School Chaplains – a psychologist’s perspective
Having trained for eight years to become a psychologist and having spent the last 11 years working in the area of child and adolescent mental health, I have been watching the developments of the National School Chaplaincy Program with interest.
For the uninitiated, chaplains are employed by the Federal Government to provide spiritual guidance for those students seeking it in a secular environment; however, they often end up in essentially counselling roles. To quote from a Queensland chaplaincy employment agency’s website, a requirement of chaplains is to: “demonstrate a living and personal relationship with Jesus Christ” and “provide social, emotional and spiritual support to students, parents and staff”.
Although chaplains have been in state schools since 2006, the National School Chaplaincy Program has recently become more visible following the Federal Government’s strange decision this budget to inject a quarter of a billion dollars into the program while simultaneously stripping $30 billion dollars from the education sector overall.
My beef with the funding of the National School Chaplaincy Program is threefold: chaplains are relatively poorly trained; the program is poorly regulated; and young people have never been so in need of proper mental health support in schools.
Treating mental health problems is complex, and for a range of reasons, this is especially true in the case of young people. To name a few complications: issues of confidentiality are trickier because of capacity for consent, children typically lack the autonomy over their own circumstances afforded to adults, and mental health problems in young people overlap with multiple, rapidly-unfolding, normal developmental changes.
Whereas a psychologist must complete a minimum of six years of university training and heavily supervised practice, and school counsellors and youth workers typically require years of training also, a chaplain can be employed by a Queensland school with a Certificate IV in Youth Work obtained over one year at a college.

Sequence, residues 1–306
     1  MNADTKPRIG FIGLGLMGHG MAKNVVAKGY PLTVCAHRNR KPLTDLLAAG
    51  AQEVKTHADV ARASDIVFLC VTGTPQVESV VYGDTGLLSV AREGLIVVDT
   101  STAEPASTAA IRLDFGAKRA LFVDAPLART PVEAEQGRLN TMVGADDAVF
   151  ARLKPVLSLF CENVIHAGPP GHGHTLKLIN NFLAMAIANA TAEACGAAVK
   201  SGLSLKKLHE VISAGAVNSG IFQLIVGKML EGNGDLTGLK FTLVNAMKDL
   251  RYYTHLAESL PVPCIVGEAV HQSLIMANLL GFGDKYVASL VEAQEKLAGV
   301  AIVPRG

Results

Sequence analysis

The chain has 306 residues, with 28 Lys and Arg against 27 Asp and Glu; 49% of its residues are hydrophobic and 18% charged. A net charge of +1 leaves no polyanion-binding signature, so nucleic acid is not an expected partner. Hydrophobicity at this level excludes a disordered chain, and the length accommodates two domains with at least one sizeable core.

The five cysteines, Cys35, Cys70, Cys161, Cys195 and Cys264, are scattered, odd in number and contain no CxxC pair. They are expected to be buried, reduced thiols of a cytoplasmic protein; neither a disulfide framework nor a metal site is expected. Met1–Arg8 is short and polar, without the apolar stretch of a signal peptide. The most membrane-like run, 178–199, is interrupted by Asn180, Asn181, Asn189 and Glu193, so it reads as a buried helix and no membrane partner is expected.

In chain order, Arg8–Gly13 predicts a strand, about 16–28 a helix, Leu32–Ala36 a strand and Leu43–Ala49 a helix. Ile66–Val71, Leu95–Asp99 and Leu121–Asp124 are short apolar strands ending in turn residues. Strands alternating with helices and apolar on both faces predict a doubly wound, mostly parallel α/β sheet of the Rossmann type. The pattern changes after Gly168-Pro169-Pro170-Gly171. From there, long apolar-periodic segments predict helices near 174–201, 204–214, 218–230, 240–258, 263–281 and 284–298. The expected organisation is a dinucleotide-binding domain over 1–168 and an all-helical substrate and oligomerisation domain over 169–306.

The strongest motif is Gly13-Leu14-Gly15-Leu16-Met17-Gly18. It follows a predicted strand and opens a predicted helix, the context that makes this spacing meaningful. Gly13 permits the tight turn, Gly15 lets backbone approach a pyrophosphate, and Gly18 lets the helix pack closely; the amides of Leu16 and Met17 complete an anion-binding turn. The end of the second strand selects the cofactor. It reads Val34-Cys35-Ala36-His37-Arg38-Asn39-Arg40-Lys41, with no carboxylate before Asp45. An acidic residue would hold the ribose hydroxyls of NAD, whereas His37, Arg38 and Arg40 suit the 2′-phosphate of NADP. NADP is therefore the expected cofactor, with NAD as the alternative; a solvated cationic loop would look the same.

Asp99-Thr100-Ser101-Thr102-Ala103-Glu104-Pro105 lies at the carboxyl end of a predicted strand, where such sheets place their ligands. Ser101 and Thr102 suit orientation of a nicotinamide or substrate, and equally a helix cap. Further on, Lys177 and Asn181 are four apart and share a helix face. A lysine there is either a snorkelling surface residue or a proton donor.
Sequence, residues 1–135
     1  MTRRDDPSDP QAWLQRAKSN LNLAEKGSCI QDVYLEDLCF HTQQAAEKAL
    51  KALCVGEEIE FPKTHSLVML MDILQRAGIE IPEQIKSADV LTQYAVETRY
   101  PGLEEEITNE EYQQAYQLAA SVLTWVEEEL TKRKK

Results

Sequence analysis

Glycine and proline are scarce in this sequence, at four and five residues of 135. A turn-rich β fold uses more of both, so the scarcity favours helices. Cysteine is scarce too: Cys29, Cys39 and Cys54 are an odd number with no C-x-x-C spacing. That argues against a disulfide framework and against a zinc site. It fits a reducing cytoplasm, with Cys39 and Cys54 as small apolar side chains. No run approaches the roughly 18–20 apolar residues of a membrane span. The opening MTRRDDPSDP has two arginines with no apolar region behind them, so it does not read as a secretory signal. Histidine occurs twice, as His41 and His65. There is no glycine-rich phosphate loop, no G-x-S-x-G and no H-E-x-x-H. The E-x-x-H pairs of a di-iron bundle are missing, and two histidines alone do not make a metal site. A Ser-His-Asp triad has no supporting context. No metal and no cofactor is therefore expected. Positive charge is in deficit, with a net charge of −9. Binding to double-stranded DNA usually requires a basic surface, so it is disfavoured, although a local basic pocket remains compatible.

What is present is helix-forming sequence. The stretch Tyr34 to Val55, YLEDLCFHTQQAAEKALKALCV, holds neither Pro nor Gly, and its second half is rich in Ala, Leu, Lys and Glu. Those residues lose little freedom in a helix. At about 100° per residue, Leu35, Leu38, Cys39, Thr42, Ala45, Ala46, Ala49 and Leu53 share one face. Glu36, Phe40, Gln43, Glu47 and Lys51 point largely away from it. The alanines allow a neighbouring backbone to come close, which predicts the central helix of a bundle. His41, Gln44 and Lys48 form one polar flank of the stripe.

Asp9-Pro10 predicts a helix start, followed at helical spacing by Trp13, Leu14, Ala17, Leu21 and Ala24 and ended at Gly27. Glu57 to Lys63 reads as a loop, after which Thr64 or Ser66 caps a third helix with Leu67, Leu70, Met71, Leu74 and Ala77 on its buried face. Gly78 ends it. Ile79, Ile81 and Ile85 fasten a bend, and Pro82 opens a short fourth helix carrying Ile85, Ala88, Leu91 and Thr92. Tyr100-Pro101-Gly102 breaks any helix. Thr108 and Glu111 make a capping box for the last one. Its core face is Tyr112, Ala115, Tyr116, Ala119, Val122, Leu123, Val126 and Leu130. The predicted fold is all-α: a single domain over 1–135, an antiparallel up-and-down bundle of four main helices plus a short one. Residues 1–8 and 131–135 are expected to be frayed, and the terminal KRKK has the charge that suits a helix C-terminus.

In addition to their level of training, psychologists are also answerable to a national regulatory body that holds all registrants to the same set of high standards. This means that a certain level of knowledge, competence and ethical conduct can be expected from anyone in the country that earned use of the protected title of “psychologist”. Psychologists must also regularly undergo hours of different types of professional development activities in order to meet the requirements for their registration to be renewed on an annual basis. School chaplains, on the other hand, are not held to nearly this level of scrutiny or quality assurance.
Our kids are in trouble: suicide is the leading cause of death in young people 15-24 years old, and about 15 per cent of under-20s report having self-harmed at least once before! Consider that LGBTQI youth experience even higher rates of mental health problems (including suicidal thoughts), and that only a small portion of young people seek help from GPs and hospitals, and you start to realise the crucial roles that schools can play in being a young person’s first contact with mental health support.
Good and bad eggs are found in every vocation and profession; some chaplains have mounds of experience and training in child and adolescent mental health, and some holding the title of ‘psychologist’ would do harm to vulnerable young people. And, just like psychologists aren’t at schools to provide spiritual guidance, it shouldn’t be the case that chaplains are funded to do the work of better-trained mental health experts.